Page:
How can I eliminate dandruff?

Pharmacies stock a whole arsenal of hair care products and shampoos for eliminating dandruff. Treatments are very effective and help to fight dandruff. However, no treatment to date has been able to permanently cure dandruff. That is why it can return regularly, in flare-up phases. Treatment shampoos can be used in flare-up phases, as well as afterwards in the maintenance phase to prolong the effects over time and avoid recurrence. This requires integrating the treatment shampoo as part of a regular hair care routine during the maintenance phase.  

Anti-dandruff shampoo

Hair dandruff is treated traditionally using a treatment shampoo.
The type of shampoo chosen will depend on the type of dandruff.
  • Shampoo formulated for oily dandruff will act on one or more of the causes of dandruff, with an antifungal active ingredient to combat yeast proliferation, a keratolytic active ingredient (acts by loosening and eliminating the dead cells) to eliminate the dandruff, generally speaking an anti-inflammatory active ingredient to limit redness and itching, and an active ingredient for absorbing the excess surface sebum.
  • Shampoo formulated for dry dandruff will usually have a keratolytic action, a soothing action, and sometimes an antifungal action to reduce the amount of yeast on the surface, while providing the necessary hydration for a dry and irritated scalp.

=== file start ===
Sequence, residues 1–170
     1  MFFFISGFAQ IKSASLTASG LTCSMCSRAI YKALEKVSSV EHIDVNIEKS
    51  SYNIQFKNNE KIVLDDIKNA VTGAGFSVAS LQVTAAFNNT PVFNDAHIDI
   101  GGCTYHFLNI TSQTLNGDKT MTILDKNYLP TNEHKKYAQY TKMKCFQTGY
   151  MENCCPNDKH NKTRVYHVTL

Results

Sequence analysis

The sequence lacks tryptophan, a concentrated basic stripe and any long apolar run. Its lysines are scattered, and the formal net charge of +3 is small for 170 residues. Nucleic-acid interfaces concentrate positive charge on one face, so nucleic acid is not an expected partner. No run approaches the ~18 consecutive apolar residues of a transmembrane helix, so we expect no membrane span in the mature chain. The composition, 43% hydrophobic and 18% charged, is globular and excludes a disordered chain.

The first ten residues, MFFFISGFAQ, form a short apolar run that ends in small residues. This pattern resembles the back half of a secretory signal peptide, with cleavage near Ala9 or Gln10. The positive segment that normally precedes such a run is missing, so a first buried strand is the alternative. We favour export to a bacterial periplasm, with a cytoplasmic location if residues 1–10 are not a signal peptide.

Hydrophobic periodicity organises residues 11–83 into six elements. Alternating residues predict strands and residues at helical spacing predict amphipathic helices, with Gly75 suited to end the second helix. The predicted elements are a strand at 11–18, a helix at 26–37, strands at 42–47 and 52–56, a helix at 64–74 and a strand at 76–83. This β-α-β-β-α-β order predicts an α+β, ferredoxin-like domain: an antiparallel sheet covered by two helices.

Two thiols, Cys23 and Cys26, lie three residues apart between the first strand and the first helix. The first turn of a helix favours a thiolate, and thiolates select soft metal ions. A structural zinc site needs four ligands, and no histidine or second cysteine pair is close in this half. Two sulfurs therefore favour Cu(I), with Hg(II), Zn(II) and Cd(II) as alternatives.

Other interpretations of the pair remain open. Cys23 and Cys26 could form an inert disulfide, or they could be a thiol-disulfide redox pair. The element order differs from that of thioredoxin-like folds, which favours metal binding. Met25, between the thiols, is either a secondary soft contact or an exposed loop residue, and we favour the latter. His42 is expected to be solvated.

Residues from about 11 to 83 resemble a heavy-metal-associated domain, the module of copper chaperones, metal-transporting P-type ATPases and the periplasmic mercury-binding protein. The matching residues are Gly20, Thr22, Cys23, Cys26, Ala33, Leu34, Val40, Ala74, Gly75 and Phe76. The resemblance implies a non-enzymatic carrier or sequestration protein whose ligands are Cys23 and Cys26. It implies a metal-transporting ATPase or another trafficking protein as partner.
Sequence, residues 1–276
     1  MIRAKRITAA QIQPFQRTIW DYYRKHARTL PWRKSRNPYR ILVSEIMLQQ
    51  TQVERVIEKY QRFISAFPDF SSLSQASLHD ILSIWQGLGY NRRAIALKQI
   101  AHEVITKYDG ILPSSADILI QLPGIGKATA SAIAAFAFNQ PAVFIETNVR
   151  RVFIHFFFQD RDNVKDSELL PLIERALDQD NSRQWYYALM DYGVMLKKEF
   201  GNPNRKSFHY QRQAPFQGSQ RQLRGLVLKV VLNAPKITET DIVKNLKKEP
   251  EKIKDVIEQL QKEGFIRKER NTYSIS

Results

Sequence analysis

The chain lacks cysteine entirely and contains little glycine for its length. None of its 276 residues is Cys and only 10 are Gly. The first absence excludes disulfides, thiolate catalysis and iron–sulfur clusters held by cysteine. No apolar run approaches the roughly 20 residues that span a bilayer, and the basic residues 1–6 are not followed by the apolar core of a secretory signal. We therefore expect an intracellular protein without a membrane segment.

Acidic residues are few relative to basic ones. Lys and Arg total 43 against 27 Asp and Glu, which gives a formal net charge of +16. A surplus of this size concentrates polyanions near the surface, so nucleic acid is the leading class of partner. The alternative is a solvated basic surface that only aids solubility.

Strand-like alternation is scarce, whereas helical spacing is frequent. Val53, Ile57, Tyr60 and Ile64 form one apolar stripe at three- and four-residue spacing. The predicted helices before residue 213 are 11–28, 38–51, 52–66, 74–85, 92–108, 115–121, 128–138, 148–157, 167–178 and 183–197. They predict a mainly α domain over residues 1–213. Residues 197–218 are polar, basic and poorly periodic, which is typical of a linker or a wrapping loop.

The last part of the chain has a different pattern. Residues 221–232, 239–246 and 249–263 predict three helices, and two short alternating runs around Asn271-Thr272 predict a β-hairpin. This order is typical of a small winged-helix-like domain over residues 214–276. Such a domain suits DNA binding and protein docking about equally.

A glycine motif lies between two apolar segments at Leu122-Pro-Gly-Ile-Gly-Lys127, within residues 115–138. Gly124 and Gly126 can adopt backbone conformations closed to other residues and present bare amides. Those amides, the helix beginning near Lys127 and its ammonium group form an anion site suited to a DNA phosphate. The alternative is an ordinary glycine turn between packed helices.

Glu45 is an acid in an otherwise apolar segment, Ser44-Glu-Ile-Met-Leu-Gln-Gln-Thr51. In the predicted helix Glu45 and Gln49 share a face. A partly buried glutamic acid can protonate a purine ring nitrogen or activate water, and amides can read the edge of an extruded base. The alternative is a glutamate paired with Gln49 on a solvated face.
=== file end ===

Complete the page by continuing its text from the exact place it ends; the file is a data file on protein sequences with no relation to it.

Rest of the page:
The shampoos are used in two steps.
  • First in an intensive treatment phase, the aim being to treat and reduce the dandruff. It will be used several times a week.
  • This is followed by a maintenance phase, the aim of which is to prevent dandruff from returning too soon. It is used less frequently and alternated with a mild shampoo.
In case of doubt, do not hesitate to ask your doctor or pharmacist for advice, they can help you choose the most suitable treatment.

Living daily with dandruff

Living with dandruff on a daily basis can seriously affect quality of life. It is sometimes thought that dandruff is an indication of poor hygiene, but of course there is no connection.

It can become a constant concern, affecting choice of clothing, social interaction and self-esteem, which is why it is important to deal with it.

Do not hesitate to talk to the health professionals around you, they can tell you what to do if you have dandruff. There are lots of treatments and everyday tips to help you manage your dandruff.

 (1) https://dermato-info.fr/, French Society of Dermatology.

Diagnosis : you have plaques, dandruff, redness, itching ?

Do you have any of the following symptoms in your scalp and/or face and body?
  • plaques
  • dandruff
  • redness
  • itching
Wonder what it is?

It could be psoriasis, seborrheic dermatitis, or even eczema.

Make the diagnosis "Plaques, dandruff, redness and/or itching?" to discover our advice and recommendations for adapted care routines.
 

Our care routines

 
My anti-dry dandruff routine

Action on non-sticky dandruff: "white powder" effect on the shoulders

Test this routine > My anti-dry dandruff routine > See my routine >

 
My anti-oily dandruff routine

Action on sticky dandruff and oily scalp

Test this routine > My anti-oily dandruff routine > See my routine >
See all care routines >